A college student from the U.K. says she asked ChatGPT, artificial intelligence technology, to write a letter to get out of a parking ticket – and it worked.
Millie Houlton, a student a York St. John University, had a £60 parking fine, about $74 U.S. dollars, that she said was wrongly issued. She was going to just pay up – but decided to dispute the fine by asking ChatGPT what to say, she told BBC News.
"I was like, 'Oh I don't need this fine, I'm a student,' but trying to articulate what I wanted to say was pretty difficult so I thought I'll just see if ChatGPT can do it for me," she told BBC News.
She told ChatGPT the details – that the fine was for parking on her own street, which she has a permit for – and it computed a response. "It said I was a student and that I had paid for my permit for two years and I wasn't going to deliberately park somewhere I shouldn't," she said.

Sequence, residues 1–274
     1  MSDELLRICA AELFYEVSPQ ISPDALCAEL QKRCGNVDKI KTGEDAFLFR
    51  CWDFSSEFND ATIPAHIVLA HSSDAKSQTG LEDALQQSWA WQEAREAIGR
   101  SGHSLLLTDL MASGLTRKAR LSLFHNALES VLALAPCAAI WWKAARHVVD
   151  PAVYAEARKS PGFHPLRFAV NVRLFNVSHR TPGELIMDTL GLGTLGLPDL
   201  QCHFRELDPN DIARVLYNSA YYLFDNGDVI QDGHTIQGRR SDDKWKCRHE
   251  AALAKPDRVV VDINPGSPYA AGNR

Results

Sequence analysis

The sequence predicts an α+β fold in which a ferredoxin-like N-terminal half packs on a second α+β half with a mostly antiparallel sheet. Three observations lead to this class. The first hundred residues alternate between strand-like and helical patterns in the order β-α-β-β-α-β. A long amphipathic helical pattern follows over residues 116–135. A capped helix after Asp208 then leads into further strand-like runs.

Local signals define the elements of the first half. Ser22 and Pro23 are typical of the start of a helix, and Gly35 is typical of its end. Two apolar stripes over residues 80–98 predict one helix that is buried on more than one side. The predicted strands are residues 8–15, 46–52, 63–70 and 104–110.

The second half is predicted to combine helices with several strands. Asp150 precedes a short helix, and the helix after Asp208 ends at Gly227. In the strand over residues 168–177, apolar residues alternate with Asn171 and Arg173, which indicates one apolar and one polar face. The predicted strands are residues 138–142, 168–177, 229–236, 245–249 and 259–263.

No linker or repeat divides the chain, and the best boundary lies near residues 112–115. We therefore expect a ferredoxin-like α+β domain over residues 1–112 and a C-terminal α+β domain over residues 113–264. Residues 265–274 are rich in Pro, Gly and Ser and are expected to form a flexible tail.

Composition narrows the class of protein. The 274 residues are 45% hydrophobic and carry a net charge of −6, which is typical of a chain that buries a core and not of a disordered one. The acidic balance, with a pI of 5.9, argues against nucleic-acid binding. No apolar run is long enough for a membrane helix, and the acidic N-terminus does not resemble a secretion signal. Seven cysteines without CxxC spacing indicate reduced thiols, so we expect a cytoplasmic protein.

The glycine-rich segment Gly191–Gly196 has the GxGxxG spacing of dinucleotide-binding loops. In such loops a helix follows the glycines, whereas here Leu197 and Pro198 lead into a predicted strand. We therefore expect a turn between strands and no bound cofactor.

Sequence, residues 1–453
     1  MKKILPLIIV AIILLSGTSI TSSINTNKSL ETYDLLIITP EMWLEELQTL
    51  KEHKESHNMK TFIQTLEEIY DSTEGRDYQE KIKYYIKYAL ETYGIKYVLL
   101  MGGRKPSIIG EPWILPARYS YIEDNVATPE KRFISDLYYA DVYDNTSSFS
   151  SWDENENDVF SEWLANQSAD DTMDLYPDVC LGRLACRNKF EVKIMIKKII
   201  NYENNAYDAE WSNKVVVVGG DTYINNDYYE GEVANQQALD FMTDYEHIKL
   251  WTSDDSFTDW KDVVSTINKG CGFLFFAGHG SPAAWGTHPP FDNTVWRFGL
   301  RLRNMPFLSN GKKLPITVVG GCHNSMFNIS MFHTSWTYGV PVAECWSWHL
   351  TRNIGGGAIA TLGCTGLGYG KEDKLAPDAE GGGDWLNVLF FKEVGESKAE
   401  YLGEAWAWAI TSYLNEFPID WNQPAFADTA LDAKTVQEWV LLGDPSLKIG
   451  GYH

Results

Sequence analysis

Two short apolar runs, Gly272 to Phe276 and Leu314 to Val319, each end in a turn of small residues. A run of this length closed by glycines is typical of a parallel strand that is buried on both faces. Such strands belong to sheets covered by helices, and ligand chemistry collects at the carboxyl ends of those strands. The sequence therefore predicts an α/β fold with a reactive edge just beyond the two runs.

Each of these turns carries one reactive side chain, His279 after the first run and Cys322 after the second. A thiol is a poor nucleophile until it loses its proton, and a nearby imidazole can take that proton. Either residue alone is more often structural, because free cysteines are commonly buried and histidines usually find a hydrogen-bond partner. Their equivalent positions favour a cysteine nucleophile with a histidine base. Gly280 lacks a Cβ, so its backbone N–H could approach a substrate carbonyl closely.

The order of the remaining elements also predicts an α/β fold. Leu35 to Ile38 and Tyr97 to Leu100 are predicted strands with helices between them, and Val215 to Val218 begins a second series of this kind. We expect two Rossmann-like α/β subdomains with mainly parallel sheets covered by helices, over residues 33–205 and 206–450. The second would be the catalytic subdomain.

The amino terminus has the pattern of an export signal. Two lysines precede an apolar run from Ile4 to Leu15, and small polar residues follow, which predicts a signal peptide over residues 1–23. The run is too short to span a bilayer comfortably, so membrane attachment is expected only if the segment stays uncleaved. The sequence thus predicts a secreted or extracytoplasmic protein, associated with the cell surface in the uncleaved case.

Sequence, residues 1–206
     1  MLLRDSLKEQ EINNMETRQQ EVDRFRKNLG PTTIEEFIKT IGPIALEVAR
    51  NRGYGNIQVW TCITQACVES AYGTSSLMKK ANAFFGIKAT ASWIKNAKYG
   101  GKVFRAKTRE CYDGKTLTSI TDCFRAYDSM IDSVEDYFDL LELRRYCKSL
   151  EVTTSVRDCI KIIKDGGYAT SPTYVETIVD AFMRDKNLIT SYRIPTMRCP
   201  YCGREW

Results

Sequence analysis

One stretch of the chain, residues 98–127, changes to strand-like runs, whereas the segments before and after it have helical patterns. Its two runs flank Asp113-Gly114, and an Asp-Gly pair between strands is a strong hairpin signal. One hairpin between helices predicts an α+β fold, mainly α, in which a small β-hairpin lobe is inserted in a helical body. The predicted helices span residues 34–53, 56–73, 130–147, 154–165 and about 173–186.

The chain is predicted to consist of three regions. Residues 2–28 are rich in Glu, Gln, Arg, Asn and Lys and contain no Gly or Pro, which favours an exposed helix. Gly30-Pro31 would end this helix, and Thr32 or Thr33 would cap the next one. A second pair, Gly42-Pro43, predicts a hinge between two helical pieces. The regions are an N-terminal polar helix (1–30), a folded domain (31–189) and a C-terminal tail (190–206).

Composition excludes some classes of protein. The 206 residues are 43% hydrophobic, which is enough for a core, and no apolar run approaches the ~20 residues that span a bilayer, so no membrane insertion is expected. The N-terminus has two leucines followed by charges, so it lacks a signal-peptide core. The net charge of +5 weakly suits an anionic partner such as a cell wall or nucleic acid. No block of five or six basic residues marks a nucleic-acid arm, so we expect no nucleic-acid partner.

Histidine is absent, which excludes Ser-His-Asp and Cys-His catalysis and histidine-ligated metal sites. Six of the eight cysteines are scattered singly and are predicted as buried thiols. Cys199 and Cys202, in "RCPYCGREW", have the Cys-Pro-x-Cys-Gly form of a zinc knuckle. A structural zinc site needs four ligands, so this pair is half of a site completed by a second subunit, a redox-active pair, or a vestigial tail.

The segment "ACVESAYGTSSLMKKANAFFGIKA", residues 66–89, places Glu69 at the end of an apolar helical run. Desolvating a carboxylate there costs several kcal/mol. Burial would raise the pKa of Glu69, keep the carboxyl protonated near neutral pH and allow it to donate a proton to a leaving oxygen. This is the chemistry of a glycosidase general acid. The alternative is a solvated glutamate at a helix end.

A screenshot of the bot's response was obtained by AFP. It shows the crafted letter, with just a few areas left for Houlton to fill in, like the date of the parking ticket and the name of the road she parked on.
She submitted the finished letter and received a response that the fine was revoked. She told BBC News she was "very relieved" it worked. CBS News reached out to Houlton via Facebook and is awaiting response.
Houlton is just one of the estimated 100 million users on ChatGPT. The AI technology, which becameaccording to a USB study, is used to answer questions and complete tasks.
It is so accurate,– like writing code for computer programmers or crafting letters for human resource representatives. It is also used to write essays, and when ChatGPT was tasked with taking the bar exam – it passed.